Edward the Confessor canonised

Richard Cavendish describes Edward the Confessor's canonisation, on January 5th, 1161.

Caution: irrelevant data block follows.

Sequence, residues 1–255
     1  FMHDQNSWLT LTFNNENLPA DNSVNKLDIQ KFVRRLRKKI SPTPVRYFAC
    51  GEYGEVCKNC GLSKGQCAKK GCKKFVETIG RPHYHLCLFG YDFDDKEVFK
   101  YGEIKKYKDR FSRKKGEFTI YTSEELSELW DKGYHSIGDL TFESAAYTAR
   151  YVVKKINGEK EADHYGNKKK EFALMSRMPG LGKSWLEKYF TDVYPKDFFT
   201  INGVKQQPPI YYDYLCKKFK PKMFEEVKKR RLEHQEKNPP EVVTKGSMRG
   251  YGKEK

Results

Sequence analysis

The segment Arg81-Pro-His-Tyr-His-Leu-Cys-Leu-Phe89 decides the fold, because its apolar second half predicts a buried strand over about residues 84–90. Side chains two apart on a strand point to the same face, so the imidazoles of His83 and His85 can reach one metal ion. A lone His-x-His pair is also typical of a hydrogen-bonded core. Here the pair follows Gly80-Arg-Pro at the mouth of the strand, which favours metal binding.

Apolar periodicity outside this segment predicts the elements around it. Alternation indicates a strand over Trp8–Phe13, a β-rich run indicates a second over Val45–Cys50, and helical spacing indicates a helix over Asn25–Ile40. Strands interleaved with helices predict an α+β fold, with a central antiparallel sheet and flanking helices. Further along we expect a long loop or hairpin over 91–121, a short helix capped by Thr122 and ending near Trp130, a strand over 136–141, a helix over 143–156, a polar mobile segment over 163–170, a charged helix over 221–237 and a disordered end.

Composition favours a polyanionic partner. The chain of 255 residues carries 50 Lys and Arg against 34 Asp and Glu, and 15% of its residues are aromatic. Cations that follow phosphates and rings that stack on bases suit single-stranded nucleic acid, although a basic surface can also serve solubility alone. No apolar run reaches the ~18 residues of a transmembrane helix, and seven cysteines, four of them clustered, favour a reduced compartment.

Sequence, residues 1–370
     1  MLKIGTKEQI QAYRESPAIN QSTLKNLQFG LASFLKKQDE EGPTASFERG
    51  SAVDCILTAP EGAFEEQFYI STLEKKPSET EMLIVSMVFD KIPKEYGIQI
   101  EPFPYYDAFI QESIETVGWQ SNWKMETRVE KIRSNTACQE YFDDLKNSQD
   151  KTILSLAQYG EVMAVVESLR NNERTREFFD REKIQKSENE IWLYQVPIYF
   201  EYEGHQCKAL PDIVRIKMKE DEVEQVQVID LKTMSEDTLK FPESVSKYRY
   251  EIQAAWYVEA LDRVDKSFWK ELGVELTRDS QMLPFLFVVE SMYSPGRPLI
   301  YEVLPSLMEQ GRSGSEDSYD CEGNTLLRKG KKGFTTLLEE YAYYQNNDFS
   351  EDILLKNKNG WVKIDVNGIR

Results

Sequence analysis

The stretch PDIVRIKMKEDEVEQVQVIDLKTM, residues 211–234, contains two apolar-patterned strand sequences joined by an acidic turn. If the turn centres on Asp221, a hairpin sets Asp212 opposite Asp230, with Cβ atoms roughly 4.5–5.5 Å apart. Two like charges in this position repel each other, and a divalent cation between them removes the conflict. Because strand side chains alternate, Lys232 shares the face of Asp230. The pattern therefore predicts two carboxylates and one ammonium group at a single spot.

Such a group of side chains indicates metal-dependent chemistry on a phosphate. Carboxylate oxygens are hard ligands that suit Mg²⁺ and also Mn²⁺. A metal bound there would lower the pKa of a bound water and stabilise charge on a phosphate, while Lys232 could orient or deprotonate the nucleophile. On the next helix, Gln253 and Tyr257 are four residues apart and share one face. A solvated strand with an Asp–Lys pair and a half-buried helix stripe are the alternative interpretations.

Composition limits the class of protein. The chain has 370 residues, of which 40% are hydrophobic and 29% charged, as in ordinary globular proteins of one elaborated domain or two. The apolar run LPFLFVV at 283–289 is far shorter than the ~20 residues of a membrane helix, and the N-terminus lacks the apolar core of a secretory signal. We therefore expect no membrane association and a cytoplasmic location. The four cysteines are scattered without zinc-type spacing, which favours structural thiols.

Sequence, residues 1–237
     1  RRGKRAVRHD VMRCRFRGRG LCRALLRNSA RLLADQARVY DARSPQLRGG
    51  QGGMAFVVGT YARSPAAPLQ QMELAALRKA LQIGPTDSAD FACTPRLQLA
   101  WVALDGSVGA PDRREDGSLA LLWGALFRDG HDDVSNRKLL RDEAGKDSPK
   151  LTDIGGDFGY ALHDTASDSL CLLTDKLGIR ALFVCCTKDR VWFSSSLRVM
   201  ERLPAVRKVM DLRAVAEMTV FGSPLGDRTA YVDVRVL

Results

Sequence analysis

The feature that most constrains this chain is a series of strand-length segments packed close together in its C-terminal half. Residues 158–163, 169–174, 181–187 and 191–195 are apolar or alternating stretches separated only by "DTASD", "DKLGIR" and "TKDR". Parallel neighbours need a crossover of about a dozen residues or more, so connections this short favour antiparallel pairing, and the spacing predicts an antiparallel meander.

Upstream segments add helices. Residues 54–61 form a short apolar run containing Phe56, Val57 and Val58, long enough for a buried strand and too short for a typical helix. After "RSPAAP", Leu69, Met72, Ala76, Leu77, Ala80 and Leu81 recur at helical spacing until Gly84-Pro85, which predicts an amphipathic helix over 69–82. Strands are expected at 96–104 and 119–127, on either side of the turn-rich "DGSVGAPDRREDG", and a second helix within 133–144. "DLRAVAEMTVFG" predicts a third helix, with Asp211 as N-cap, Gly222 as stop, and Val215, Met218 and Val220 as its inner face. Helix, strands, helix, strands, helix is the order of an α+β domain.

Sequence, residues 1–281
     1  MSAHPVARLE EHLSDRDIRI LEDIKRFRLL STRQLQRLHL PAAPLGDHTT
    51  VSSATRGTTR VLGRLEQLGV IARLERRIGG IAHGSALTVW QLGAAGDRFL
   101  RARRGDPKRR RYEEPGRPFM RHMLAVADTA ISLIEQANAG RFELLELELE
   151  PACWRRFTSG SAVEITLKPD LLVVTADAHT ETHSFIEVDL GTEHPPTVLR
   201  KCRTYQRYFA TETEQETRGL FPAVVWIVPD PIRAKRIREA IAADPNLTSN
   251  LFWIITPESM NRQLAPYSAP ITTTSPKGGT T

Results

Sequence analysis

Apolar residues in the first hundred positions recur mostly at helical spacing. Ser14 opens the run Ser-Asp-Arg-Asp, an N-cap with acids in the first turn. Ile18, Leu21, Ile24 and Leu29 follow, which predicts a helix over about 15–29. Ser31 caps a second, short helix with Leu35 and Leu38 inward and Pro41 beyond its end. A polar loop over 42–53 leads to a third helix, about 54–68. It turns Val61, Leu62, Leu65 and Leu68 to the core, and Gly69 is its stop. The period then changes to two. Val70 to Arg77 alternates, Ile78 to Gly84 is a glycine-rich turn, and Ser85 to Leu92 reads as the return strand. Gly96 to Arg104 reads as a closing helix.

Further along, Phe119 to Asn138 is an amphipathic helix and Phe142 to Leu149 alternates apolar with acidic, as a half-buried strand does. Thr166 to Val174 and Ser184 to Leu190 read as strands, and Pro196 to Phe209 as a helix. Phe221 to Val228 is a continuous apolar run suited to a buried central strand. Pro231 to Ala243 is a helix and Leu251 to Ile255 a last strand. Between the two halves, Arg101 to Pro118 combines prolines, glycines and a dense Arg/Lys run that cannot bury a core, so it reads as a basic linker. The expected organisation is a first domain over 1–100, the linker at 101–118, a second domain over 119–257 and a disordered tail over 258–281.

The body of Edward the Confessor is carried to Westminster Abbey, a detail from the Bayeux Tapestry, c. 1082The king died early in 1066 and was interred in the church of the abbey at Westminster, which he had refounded and to which he had devoted much time, energy and money. His piety is not in doubt, though the Anglo-Saxon Chronicle portrayed him not as a saint but as a strong king. The late Professor Frank Barlow in his classic biography pointed out that the accepted picture of the king for centuries afterwards was entirely different. He was remembered as a devout weakling, too obsessed with the matters of the spirit to cope with the real world. This was probably because his death led directly to the Conquest and to the fact that, despite being married to one of the most beautiful women in the country, he had no children by her. It was assumed he had been too holy to have any inclination for the matters of the flesh.

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